Investors Who Buy Homes: Making Money in a Recessed Real Estate Market

Investors who buy homes have an abundance of properties to choose from. Today, real estate investments range from dilapidated shacks to mega-mansions once owned by the rich and famous. The variety of available real estate offers both novice and seasoned investors many opportunities to cash in on the bounty.

Foreclosure homes are a popular choice amongst investors who buy homes. Considering there are millions of foreclosed properties sitting vacant, real estate investors can choose from a wide range of houses which can be used as rental homes, wholesaling or house flipping.

Investors willing to rehab houses can yield tidy profits in the long run. Rehabbing is not easy and generally requires hiring a crew of contractors and general laborers. Investors who enjoy hands-on work are oftentimes attracted to distressed properties.

Many newbie investors purchase rundown houses with the intent of performing repairs and renovations on their own. While it can be rewarding to convert an ugly house into a beautiful, updated home most people do not fully comprehend the level of work required to rehabilitate a house.

Rehabbing houses can only be profitable if investors are able to perform work quickly and either rent the home or sell it to another buyer. The longer the house is “in-progress”, the less profit will be made. If you plan to enter this real estate arena, hire an experienced crew and allow your new investment to make money instead of cost money.

Some investors purchase bank owned homes; also known as real estate owned. REO properties were once foreclosure homes that did not sell at auction. When no one bids are placed on foreclosed property, ownership of real estate reverts to the bank. The property is then sold through the lender’s loss mitigation department.

Bank owned homes are typically priced between 5- and 30-percent below market value. Much depends on the balance of the mortgage note, condition of the home, and comparable sales in the area where the property is located.

REO homes generally require repairs. Many need major upgrades such as installing a new roof, drywall replacement and painting, carpet and flooring, and new appliances. Buying bank owned homes can sometimes be a frustrating and drawn-out experience. If you plan to buy homes from banks, plan on engaging in multiple counter-offers and be prepared to walk away if the bank isn’t willing to budge.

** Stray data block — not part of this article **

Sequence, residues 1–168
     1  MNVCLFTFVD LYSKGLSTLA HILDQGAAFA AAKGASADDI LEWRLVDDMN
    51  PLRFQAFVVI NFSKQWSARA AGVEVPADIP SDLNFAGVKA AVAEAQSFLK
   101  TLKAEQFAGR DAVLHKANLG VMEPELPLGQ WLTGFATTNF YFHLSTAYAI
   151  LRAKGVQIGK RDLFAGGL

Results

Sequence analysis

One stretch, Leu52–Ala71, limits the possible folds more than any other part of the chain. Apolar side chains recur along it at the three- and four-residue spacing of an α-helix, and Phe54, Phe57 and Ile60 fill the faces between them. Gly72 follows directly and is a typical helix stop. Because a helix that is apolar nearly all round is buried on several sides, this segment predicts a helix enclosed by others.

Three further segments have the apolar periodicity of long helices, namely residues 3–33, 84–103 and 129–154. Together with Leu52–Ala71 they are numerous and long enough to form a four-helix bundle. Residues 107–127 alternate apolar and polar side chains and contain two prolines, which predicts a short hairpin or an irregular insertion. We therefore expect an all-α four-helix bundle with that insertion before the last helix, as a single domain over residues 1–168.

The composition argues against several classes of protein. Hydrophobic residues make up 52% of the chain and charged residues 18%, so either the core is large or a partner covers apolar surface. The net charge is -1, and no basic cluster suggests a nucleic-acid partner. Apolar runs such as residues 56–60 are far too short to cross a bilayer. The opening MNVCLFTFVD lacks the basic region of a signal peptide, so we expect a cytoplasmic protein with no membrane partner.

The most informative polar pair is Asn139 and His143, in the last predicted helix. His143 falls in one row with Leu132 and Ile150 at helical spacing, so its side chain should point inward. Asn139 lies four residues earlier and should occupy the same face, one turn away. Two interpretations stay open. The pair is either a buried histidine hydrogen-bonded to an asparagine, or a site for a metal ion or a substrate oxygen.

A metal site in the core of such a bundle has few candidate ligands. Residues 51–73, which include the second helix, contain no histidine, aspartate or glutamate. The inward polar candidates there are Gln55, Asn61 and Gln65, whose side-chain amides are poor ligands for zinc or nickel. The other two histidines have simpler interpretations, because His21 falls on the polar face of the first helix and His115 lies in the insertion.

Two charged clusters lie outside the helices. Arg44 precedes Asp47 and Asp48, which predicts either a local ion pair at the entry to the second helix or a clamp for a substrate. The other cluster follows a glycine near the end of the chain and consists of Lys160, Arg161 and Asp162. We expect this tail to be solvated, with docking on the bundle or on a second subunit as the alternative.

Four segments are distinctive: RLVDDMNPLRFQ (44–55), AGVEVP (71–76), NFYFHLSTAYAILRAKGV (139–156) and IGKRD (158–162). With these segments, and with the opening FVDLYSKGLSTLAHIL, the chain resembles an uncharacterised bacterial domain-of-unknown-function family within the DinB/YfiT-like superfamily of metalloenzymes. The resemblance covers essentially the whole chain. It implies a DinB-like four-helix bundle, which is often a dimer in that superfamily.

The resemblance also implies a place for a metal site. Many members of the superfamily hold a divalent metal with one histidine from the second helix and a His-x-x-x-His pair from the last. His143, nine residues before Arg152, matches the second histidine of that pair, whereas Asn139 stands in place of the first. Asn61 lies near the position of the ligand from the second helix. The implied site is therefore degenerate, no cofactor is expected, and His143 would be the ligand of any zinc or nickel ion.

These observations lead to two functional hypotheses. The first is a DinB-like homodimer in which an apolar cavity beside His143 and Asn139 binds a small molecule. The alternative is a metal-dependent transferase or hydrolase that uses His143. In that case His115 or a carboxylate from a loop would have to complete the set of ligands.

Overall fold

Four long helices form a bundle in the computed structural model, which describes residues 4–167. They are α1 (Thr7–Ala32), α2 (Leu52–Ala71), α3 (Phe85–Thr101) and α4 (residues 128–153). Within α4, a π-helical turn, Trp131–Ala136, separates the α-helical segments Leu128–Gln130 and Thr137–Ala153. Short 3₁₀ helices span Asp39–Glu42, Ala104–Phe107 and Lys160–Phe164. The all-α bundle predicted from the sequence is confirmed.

Some investors who buy homes specialize in wholesaling. This technique is simple and requires less work than most types of real estate investing. Wholesaling involves buying a home well below market value, then reselling it “as-is” to another buyer. Profits can range between 1- to 60-percent, or more.

Many real estate investors purchase homes for rental properties. Rental homes can be multi-purpose. Some investors engage in long-term rentals and offer tenants the option to buy the home at the end of their lease. Others engage in short-term or seasonal rentals. It’s not uncommon for investors to purchase a vacation home and lease it out when not in use.

Another niche investors who buy homes are engaging in is short sales. When borrowers are facing foreclosure, some lenders allow them to sell their home for less than they owe. In some cases, investors can purchase short sale homes for pennies on the dollar.

Probate real estate can be a good choice for investors who buy homes. Probate properties include real estate owned by someone who has died. During probate, the decedent’s estate is responsible for all expenses related to the real estate. These expenses can quickly deplete estate financial holdings, so probate executors sometimes elect to sell the property.

It is not uncommon for probate real estate to be in good to excellent condition. If the decedent owned the property outright, probate executors will oftentimes price it cheap just to eliminate the headaches.

Investors who buy probate houses can locate potential properties by searching courthouse records. The sale of probate real estate is usually handled by the estate administrator and occasionally requires approval from the court.

If you are considering a career in real estate investing, take time to become educated about all areas of this multi-faceted business. Investors should become familiar with local real estate laws, understand financing options, and thoroughly understand their chosen market.

Simon Volkov provides investment information to investors who buy homes. Simon specializes in foreclosure, bank owned, wholesaling, short sale and probate real estate. Become part of Simon’s exclusive investors’ network and receive valuable investing articles by visiting today!